Honouring Earlscourt's Service

Honouring Earlscourt's Service

During the First World War, about 2,500 people from the Toronto neighbourhood of Earlscourt, which was made up mainly of working-class British immigrants, enlisted for military service – more per capita than from any other district in Canada. Over 320 were killed, and many more were wounded.

Despite widespread unemployment and food shortages on the home front, the residents of Earlscourt supported the war effort by contributing to organisations such as the Earlscourt Trench Comforts League, the Independent Women Workers Association of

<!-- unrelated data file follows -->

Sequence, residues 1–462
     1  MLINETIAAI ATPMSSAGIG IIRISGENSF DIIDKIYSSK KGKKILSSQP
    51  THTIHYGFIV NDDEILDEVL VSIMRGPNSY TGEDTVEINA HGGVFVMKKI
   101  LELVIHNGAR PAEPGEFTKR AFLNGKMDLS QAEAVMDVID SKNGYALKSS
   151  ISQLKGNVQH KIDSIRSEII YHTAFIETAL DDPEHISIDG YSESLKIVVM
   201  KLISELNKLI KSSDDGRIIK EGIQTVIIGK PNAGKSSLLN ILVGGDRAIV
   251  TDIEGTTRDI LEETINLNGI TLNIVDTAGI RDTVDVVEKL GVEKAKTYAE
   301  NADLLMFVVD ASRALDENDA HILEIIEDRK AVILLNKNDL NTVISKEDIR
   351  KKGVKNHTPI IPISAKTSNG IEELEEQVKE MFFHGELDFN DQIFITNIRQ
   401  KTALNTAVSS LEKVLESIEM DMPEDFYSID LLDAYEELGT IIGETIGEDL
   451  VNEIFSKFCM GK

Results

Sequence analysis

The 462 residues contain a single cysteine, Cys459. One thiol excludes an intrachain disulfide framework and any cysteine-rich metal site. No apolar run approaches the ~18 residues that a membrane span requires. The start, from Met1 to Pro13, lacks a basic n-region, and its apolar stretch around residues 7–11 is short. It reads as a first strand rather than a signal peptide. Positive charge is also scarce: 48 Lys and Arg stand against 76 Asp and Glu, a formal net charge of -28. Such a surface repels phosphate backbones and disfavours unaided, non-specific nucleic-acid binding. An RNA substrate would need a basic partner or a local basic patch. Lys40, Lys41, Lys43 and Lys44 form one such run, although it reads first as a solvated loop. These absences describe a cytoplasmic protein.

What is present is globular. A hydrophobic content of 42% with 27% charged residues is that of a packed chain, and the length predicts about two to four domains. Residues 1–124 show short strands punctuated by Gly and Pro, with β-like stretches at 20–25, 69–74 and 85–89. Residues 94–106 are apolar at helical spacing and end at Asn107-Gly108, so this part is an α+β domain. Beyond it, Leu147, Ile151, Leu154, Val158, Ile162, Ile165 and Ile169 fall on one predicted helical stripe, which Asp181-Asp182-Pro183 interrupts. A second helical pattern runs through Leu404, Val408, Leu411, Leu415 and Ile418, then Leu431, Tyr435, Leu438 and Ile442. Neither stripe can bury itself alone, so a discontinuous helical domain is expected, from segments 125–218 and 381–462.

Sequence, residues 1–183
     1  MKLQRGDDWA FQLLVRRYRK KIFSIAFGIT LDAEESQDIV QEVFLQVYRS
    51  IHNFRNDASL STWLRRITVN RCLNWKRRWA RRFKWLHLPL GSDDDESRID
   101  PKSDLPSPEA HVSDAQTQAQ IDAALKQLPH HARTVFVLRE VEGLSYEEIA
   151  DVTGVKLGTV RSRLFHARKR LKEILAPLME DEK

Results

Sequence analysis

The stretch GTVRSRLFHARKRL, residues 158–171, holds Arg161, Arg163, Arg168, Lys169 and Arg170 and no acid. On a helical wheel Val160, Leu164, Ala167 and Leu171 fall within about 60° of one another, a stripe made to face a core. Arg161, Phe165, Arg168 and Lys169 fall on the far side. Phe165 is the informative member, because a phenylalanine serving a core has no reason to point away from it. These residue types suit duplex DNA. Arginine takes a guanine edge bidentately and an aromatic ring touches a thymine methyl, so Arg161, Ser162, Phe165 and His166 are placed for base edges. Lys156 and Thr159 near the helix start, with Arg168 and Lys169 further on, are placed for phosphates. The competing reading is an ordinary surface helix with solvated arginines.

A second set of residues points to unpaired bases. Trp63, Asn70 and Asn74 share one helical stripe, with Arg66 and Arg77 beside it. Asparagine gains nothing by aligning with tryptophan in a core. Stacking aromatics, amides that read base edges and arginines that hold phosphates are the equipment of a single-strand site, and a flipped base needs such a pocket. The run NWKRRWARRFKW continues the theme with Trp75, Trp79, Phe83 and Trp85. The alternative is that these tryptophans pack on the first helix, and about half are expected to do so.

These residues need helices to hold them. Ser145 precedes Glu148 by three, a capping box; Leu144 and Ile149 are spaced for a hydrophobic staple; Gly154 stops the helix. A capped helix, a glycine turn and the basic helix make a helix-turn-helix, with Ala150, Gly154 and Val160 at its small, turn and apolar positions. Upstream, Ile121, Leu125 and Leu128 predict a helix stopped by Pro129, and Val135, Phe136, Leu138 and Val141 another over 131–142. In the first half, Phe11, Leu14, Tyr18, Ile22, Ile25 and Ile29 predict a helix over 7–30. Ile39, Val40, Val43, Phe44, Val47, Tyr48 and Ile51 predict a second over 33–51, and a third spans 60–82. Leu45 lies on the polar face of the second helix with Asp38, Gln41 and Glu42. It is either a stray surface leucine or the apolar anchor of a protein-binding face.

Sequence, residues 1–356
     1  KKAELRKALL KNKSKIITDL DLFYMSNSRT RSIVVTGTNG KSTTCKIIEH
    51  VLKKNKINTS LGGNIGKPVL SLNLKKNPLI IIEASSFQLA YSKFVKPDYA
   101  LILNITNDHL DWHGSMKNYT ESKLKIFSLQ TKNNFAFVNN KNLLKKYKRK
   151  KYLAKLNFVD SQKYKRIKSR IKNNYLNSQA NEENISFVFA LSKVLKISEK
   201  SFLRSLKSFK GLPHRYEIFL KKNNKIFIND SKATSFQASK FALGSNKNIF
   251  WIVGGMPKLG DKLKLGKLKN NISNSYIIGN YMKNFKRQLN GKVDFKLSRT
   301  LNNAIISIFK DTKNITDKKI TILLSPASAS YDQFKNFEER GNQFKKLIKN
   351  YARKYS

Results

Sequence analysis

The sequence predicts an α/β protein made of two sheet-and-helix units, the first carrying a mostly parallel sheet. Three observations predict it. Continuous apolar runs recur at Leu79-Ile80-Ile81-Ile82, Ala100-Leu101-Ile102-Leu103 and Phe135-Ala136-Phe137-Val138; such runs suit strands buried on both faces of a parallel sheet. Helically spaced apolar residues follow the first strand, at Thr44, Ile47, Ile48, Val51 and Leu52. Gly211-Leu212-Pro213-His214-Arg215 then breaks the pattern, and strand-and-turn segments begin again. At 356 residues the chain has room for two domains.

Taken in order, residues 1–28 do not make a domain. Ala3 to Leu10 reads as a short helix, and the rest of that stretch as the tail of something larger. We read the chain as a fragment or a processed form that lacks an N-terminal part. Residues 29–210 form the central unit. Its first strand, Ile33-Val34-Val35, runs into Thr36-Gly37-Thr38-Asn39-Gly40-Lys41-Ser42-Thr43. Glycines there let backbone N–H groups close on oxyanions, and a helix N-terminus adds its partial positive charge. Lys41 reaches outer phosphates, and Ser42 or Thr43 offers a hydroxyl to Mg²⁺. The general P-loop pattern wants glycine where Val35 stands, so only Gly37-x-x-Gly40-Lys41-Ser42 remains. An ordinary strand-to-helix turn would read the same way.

Earlscourt, and the British Imperial Association.

Following the Great War, His Royal Highness The Prince of Wales (the future King Edward VIII) joined hundreds of residents at Prospect Cemetery on August 27, 1919, to honour the war dead and commemorate the sacrifices of the citizens of Earlscourt. He planted a silver maple (Acer saccharinum) in this veterans’ section of the cemetery in honour of his comrades-in-arms. Many of the silver maples now growing in the Mount Pleasant Group of Cemeteries were propagated from the seeds of this tree.

…. “They gave up their own lives that others
might live in freedom. Let those who come
after see to it that their names be not

– From the message by HRH The Prince of Wales
August 27, 1919